As electronic music continues to evolve and its endless sub-genres continue to expand, so do fickle tastes, and preferences become more and more subjective with a seemingly endless list of artists to sift through. With so much music to digest, its no wonder that many artists remain under the radar. This list hopes to remedy that injustice and celebrate tracks both indie and mainstream. From the "shamanic techno" of Parisian duo Pouvoir Magique to Stockholm Noir's brilliant string of darkly foreboding, electro-licked singles, here are ten selections that represent some of the more intriguing dance offerings of 2017.

10. Moullinex - “Work It Out (feat. Fritz Helder)”

Taken from Portuguese producer, DJ, and multi-instrumentalist Luis Clara Gomes' third album Hypersex, "Work It Out" like all of its surrounding companions is a self-proclaimed, "collective love letter to club culture, and a celebration of love, inclusion and difference." Dance music has always seemingly been a safe haven for "misfits" standing on the edge of the mainstream, and while EDM manufactured sheen might have taken the piss out of the scene, Hypersex still revels in that defiant, yet warm and inviting attitude.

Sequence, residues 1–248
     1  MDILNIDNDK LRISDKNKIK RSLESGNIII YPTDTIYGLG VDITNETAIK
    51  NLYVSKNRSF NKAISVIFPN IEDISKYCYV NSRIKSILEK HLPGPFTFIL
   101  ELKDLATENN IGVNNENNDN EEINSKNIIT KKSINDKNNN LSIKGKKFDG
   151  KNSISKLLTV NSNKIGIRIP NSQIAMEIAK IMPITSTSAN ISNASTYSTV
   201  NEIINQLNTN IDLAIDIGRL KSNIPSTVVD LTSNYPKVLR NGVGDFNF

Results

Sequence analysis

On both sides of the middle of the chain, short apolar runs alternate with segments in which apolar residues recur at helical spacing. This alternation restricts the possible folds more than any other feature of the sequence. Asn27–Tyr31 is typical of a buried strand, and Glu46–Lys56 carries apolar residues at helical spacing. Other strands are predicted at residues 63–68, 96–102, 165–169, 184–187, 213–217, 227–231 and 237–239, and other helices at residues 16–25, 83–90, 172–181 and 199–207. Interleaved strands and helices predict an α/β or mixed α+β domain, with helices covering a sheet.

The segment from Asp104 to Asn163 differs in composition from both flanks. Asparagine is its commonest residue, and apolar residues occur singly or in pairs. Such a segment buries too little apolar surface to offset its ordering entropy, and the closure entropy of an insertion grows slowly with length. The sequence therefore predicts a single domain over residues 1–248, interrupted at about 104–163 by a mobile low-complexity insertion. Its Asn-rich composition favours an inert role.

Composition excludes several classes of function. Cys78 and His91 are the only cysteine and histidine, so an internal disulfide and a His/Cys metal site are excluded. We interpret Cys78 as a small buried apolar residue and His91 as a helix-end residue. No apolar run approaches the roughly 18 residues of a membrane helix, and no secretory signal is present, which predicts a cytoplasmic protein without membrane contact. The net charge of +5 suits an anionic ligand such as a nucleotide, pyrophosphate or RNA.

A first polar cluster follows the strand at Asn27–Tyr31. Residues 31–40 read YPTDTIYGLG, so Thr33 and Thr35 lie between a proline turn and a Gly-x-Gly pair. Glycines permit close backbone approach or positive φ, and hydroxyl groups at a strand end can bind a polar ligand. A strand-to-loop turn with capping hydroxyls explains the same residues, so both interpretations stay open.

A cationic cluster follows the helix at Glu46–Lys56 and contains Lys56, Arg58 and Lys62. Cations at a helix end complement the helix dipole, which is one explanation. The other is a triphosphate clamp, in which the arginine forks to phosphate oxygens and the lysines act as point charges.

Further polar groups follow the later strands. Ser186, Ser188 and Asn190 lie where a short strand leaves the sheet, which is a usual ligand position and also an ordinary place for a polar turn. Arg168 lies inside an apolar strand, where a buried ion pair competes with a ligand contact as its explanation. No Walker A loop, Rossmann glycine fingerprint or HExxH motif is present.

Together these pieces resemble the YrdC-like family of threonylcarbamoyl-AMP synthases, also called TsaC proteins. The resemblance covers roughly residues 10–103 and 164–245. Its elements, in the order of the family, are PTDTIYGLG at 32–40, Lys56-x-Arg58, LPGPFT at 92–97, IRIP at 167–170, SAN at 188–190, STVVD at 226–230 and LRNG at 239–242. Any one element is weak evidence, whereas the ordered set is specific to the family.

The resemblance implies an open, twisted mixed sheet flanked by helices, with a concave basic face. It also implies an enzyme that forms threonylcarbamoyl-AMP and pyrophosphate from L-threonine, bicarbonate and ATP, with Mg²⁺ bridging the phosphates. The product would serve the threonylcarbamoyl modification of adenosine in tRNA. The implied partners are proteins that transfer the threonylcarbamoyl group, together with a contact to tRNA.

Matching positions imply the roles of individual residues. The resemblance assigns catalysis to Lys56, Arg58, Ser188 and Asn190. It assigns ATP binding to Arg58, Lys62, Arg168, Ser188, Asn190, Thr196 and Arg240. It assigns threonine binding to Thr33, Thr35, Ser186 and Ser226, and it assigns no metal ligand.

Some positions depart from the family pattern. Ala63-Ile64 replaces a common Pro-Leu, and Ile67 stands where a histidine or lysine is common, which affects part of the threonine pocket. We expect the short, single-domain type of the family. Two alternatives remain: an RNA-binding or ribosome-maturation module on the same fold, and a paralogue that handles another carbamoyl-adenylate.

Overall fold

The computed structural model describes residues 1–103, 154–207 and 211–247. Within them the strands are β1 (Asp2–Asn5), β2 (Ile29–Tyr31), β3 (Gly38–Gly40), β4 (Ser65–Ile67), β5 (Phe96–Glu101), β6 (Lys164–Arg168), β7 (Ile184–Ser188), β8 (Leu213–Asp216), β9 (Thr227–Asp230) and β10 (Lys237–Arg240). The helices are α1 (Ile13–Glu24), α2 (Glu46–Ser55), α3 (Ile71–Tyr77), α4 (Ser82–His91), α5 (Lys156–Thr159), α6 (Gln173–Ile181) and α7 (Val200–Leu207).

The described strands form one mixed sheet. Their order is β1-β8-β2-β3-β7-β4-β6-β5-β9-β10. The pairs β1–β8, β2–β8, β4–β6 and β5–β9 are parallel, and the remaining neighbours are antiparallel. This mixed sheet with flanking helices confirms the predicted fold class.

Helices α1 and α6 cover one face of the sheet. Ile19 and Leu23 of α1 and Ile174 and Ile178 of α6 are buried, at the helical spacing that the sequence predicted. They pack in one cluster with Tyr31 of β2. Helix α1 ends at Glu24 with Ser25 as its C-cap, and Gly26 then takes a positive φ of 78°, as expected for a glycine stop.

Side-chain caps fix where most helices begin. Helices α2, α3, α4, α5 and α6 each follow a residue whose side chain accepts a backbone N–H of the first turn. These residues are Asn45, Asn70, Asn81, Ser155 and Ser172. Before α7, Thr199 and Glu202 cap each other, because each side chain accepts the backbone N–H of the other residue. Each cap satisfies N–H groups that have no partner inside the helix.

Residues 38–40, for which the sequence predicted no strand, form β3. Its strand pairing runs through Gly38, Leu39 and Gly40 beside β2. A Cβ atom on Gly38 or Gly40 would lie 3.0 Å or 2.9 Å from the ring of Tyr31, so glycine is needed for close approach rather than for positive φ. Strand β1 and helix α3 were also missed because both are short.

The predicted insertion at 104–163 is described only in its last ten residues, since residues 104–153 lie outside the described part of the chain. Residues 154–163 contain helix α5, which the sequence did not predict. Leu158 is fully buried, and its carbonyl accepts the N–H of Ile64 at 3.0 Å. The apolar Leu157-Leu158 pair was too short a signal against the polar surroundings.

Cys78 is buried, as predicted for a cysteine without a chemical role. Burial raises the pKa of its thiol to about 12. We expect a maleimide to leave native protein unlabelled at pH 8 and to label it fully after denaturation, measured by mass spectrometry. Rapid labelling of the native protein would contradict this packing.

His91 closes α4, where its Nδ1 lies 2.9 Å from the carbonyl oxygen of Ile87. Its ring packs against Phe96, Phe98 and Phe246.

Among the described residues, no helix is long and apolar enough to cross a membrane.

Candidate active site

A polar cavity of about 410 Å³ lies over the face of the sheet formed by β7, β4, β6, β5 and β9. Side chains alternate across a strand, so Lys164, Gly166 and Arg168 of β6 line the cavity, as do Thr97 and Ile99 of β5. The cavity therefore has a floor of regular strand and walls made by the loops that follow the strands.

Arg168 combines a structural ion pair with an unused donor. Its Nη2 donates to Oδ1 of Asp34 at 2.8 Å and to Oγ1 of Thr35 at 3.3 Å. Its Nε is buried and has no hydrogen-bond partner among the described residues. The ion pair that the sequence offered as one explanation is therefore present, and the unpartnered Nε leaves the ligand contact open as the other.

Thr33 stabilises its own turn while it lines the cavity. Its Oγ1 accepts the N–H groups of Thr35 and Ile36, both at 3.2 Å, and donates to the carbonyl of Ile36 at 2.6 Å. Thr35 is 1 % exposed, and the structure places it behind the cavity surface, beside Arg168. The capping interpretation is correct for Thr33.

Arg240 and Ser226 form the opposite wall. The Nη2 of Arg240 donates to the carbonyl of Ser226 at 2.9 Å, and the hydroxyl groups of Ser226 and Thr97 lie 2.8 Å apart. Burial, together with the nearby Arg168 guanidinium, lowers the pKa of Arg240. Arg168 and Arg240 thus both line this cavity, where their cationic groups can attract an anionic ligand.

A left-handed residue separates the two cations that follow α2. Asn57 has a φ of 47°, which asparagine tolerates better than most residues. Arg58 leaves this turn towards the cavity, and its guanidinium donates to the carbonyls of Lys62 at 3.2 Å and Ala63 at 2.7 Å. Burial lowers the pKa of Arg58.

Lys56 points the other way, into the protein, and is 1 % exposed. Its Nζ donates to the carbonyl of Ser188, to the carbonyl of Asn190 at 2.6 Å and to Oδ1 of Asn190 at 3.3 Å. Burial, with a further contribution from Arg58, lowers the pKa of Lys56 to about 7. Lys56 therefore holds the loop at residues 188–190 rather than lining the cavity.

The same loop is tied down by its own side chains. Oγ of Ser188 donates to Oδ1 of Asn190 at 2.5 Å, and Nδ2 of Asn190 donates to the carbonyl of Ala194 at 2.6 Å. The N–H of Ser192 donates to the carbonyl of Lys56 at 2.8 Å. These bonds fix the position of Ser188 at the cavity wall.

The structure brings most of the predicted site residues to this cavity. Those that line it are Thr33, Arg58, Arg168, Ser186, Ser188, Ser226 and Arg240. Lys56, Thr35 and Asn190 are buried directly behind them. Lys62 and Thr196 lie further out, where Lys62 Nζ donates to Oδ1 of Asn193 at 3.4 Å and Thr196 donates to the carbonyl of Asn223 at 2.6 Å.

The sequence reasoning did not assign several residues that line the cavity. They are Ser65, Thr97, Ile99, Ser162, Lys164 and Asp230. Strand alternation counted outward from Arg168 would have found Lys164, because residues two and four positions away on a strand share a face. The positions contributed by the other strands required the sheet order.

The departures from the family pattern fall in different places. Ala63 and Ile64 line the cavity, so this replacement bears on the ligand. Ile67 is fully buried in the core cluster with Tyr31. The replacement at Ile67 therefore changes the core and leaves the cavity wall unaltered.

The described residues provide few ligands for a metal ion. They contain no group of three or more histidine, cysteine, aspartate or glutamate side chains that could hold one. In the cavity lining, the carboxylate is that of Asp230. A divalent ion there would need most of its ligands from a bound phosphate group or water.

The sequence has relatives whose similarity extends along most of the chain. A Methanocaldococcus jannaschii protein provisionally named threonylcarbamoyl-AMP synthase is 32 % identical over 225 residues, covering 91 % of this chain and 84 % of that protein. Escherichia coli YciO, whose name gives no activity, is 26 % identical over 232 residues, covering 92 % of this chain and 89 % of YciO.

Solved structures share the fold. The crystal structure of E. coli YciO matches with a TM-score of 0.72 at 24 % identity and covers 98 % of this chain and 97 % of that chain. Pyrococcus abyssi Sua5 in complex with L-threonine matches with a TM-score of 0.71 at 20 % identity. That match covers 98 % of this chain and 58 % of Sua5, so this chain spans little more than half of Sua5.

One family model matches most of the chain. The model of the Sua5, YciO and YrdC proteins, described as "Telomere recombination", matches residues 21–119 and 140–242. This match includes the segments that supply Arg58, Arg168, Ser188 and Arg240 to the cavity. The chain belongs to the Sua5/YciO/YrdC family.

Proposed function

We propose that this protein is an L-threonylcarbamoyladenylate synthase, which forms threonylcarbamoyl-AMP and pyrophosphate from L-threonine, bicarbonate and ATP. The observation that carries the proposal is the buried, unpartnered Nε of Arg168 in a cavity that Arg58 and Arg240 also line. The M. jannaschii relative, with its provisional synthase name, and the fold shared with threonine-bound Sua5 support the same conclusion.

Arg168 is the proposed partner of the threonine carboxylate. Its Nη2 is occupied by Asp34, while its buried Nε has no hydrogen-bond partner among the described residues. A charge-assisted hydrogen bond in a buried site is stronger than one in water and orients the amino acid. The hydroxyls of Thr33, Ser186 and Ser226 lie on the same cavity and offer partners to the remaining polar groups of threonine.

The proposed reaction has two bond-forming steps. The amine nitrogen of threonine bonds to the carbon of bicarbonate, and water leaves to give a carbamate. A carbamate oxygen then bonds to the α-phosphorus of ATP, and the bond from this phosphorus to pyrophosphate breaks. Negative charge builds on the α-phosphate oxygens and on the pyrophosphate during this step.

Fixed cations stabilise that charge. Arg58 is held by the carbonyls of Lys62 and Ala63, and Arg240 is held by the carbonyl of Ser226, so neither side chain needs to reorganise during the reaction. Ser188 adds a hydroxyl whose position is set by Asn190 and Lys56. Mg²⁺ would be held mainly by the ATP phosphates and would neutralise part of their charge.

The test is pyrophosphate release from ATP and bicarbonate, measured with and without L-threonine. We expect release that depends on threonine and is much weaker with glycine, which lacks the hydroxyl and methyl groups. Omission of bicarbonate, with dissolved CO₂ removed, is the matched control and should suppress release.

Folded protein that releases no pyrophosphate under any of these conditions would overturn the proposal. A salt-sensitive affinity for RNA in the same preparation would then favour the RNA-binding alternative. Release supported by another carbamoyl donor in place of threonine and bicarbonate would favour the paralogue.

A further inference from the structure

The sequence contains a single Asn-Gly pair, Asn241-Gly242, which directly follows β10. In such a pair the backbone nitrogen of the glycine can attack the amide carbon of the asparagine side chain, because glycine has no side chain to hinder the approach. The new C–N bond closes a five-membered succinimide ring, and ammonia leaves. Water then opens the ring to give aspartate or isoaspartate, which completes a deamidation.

Like a cheeky homage to Rick James and the late, great High Priest of Pop, Prince, this delectably filthy, sexually charged track with its nasty, funk-drenched bass line, couldn't have found a more flawless messenger than former Azari & III member Fritz Helder. As the radiant, gender-fluid artist sings, "you better work your shit out", this album highlight becomes an anthem for all those who refuse to bow down to BS. Without any accompanying visuals, the track is electro-funk perfection, but the video, with its ruby-red, penile glitter canon, kicks the whole thing up a notch.

9. Touch Sensitive - “Veronica”